In Bass Lake, by early August, the 2022 DO levels are essentially similar to the historical records of DO levels down to about 2m depth and then decrease gradually through the 3m depth, falling below the PWQO just below the 2m depth. This is a concern from both an aquatic health and phosphorus mobilization from sediment perspective.

Benthic Health

Benthic health assessment is now undertaken annually, as Kahshe Lake is now considered a ‘Vulnerable’ lake due to the appearance of HABs in 2020 and 2021. Collected families of benthic invertebrates are grouped into seven different categories based on their typical response to environmental contamination and are then compared to the Muskoka average. The 2022 findings confirmed that species richness (biodiversity) was good and that species that thrive in good water quality were above the Muskoka average while species that thrive under pollution stress were below the Muskoka average, both of which are favourable findings.

As noted above, given the impact that HABs can have on the recreational enjoyment and property values of the lake, the KLRA funded a Near-Shore Water Sampling Program that was designed by the Conservation Committee and implemented in 2021. A full description of the Near-Shore project can be found HERE .  A full report, as well as an Executive Summary, of the findings can be found by clicking the links.

    Conclusions from Water Quality Sampling

    Based on the analysis of a large number of chemical and physical parameters by the DMM and MECP, it is apparent the mid-lake, deep waters of Kahshe and Bass Lakes are in a reasonably good condition in terms of algal-friendly nutrients like phosphorus and nitrogen. However, as the Near-Shore Water Sampling Project has now shown, the quality of Kahshe Lake water which has been based on spring sampling from mid-lake sites is not providing a realistic assessment of water quality in the near-shore environment where algal blooms have been documented. The near-shore findings have clearly demonstrated that algal-promoting nutrient levels increase as the season progresses and appear to be related to accelerated leaching of phosphorus and nitrogen compounds sourced from septic systems and managed lawns located close to the shore.  Although more evidence is warranted, the appearance of late season HAB appears to be related to precipitation events associated with our changing climate.  The Near-Shore project findings have been examined by the Conservation Committee to determine if there are additional follow-up actions shoreline property owners can take to mitigate the impacts on near-shore waters. These follow-up actions can be found here.  The findings will also inform the design and conduct of the DMM-funded Causation Study that will proceed when funds are available.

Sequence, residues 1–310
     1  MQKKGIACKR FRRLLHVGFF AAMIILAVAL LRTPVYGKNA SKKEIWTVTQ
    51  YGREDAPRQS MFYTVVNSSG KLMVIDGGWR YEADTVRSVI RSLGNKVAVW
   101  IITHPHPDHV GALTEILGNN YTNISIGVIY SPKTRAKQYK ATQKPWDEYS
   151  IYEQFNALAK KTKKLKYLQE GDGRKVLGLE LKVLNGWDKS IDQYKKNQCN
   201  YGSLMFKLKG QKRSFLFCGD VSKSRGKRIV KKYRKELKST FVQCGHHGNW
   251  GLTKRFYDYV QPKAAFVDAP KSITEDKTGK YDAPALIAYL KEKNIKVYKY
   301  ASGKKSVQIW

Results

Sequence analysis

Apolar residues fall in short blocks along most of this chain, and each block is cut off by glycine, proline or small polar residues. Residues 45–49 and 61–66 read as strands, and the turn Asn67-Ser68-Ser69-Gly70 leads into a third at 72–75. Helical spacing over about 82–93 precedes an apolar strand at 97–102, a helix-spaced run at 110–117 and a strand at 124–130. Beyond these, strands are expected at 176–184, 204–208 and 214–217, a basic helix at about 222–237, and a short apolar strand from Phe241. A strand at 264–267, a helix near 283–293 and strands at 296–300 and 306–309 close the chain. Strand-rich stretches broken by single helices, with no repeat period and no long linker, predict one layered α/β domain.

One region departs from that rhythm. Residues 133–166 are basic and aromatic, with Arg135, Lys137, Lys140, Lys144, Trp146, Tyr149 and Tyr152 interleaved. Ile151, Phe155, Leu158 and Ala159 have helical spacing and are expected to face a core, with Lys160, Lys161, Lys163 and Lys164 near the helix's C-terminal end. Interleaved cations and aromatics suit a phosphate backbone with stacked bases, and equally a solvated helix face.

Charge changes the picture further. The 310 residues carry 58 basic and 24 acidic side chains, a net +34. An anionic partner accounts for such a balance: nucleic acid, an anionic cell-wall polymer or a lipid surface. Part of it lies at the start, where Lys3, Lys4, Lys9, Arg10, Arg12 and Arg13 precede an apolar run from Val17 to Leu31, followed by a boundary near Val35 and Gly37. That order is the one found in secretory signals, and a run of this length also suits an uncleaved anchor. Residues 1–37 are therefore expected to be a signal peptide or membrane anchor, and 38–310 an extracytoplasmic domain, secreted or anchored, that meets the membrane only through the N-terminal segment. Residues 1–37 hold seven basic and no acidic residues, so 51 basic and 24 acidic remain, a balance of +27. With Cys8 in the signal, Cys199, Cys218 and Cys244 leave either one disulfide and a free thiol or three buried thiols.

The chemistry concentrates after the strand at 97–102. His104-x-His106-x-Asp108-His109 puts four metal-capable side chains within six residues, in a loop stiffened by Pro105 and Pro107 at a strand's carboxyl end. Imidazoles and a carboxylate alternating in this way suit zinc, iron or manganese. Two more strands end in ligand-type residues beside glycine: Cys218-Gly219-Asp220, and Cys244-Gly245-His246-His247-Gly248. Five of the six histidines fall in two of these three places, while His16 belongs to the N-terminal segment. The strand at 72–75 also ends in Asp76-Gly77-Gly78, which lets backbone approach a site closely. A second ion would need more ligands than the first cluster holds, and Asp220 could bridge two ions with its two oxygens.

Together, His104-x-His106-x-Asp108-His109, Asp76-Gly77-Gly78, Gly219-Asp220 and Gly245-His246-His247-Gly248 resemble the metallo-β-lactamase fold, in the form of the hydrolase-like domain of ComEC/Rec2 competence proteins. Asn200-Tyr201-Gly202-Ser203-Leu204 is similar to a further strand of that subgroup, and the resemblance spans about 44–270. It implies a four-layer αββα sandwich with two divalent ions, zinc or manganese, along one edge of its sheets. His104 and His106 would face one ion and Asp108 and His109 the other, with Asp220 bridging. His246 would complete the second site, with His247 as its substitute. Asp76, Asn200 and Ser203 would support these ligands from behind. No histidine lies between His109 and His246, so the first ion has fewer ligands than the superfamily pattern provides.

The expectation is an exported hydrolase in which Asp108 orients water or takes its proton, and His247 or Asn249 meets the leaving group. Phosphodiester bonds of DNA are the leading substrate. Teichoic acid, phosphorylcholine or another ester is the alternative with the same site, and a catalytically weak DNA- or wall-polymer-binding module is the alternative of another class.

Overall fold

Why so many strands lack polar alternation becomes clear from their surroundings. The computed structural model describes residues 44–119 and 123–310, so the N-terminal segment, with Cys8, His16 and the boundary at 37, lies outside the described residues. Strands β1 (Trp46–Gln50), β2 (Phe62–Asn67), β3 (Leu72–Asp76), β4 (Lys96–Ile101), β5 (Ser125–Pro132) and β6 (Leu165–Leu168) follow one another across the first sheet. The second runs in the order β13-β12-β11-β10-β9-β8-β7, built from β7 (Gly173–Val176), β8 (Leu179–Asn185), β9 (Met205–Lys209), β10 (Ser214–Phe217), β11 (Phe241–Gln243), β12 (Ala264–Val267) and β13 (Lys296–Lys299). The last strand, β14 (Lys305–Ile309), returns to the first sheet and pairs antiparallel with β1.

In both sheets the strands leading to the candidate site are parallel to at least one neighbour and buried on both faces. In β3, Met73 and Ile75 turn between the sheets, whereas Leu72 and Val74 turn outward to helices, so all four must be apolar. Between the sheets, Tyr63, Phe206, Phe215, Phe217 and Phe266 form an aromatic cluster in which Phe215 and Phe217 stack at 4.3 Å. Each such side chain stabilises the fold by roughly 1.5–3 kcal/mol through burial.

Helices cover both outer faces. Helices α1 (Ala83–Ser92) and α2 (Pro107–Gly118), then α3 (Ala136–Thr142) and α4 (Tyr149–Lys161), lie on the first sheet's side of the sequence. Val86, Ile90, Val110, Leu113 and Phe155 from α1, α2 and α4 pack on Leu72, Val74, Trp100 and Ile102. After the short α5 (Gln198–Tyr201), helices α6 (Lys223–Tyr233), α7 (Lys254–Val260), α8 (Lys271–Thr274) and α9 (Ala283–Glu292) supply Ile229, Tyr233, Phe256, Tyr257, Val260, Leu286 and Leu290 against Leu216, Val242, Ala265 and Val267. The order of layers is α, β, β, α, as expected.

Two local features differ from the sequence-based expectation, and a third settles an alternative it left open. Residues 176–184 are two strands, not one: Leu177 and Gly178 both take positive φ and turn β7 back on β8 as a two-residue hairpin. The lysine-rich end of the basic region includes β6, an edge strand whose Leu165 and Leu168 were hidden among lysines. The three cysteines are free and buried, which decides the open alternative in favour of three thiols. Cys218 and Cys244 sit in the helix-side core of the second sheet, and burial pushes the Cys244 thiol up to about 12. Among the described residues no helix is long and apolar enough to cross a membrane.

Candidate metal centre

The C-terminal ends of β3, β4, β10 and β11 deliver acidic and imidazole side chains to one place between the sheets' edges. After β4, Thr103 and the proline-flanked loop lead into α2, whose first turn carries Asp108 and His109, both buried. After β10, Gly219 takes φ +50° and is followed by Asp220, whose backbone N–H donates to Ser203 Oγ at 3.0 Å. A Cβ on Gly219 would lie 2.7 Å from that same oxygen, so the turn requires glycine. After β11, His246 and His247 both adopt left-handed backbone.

Based on the above water quality findings, we need to remain vigilant in our sampling efforts and overall lake stewardship, as climate changes, including more intense rainfall events, appear to be increasing the migration of algal friendly nutrients from our shorelines to the near-shore water. This has been underscored by the confirmed presence of blue-green algal blooms in the Oak Road area of Kahshe Lake on November 11, 2020 and in several locations in October 2021.